My flight was leaving in less than 90 minutes, so we didn’t have any time to talk in the car. I wiped away the tears, ran into the airport and checked in at the Thai Airways counter. I was surprised how quickly I made it through check-in and security (there were no lines). It must have been because I was so late, because the gate area was packed. All the seats were taken, so I stood in the middle of the terminal and called Amber to finish our conversation. As soon as I heard her voice my emotions came back. I felt like I was in a movie, with the camera circling over my head. It felt like everyone was watching me (they probably were, because I was bawling).
Everyone boarded the plane but me. I came so close not getting on. I was thinking I should go back home and spend more time talking to Amber. Then my subconscious said: “Johnny, why the heck are you going to Asia by yourself? What are you going to do for all that time by yourself?” I started thinking about all the Americans getting beheaded in foreign lands, and wondered if it could happen to me. Fear, the worst four-letter word in the English language, descended over my body.
Fortunately, Amber talked sense into me. She said, “Are you kidding? You’re JohnnyJet. You’ve been talking about this trip for two months. Not only that, you’re flying first class and staying in the best hotels. So put your famous smile on, and act like you usually do.” She was right, of course, and I snapped out of it immediately. I took a deep breath, made my Tony Robbins self- confidence move that I just learned, and yelled “Hold that door!” I was the last to board the 747.
How lucky was I to not only fly on Thai Airways, but to be in first class. I’ve always wanted to fly Thai -- in fact, I want to fly every foreign carrier just to see what each one like. (Well, almost every one.) When I reached my seat I was a little disappointed, because I expected one of those grand first class sleeper seats you see in magazines. Instead I got a seat that had to be 15 years old -- and without a personalized TV monitor. (They did offer personal video players that sat on top of your tray table.) Don’t get me wrong -- I’m not complaining. It was comfortable, and I had a lot of leg room.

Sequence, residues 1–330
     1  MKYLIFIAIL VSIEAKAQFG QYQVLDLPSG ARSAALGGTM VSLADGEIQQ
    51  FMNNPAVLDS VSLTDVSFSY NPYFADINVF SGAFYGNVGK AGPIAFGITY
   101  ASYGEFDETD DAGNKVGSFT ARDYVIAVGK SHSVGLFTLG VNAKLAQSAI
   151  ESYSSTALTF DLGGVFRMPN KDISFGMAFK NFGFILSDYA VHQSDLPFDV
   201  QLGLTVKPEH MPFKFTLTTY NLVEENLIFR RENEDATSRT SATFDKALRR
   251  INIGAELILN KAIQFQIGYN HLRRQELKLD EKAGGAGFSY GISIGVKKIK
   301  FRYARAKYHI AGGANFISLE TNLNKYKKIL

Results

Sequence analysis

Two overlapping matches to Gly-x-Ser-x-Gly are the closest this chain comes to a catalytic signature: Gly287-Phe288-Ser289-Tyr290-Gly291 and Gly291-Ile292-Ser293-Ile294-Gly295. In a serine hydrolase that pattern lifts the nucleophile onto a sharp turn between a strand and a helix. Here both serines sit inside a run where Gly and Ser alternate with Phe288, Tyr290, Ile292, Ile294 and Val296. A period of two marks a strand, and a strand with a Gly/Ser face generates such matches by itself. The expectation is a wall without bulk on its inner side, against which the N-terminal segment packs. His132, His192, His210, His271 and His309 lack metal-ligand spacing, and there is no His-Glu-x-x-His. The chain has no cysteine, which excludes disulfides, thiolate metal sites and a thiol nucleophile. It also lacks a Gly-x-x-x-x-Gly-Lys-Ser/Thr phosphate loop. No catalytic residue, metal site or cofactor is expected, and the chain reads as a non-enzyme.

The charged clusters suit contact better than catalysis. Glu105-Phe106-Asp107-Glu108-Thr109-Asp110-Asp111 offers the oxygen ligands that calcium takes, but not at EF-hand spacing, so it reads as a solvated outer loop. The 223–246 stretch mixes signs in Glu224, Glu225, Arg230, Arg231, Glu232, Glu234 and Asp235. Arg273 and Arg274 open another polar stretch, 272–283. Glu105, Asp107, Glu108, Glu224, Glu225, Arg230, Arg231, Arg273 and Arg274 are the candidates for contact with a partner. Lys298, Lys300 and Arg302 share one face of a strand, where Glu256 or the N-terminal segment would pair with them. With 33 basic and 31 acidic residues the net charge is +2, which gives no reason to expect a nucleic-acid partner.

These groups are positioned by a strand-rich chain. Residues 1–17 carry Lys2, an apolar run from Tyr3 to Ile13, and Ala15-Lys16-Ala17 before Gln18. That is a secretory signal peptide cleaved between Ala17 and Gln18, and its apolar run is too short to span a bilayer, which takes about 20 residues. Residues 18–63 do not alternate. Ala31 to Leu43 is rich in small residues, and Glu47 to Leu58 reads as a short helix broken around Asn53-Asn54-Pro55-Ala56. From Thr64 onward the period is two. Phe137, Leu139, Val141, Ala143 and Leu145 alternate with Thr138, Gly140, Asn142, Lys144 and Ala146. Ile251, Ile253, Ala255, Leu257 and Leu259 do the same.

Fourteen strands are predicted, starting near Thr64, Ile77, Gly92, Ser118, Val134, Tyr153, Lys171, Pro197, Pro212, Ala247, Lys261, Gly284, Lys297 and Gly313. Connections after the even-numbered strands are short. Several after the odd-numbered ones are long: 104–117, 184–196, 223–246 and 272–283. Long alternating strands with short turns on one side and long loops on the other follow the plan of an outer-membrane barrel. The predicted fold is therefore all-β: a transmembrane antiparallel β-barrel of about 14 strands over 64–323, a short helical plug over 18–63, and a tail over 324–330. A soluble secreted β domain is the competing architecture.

My seatmate was an older Japanese man who either didn’t speak English or wasn’t very friendly (I think a little of both). The whole flight he said one word to me. (I’ll tell you what it was in a few paragraphs).
After I sat down I immediately noticed Thai’s great service. A flight attendant offered me a drink, a newspaper or magazine, then handed me pajamas and an amenity kit (socks, ear plugs, a mask, toothbrush, lip balm). I didn’t even unwrap the pajamas or open the kit, because I’m a freak about those things. I enjoy saving all this stuff (especially hotel toiletries), and giving them to seniors at a convalescent home. I know how much the older folks love getting these gifts. Besides, I don’t need them. I’ve got all that stuff in my carry-on (well, not the PJ’s).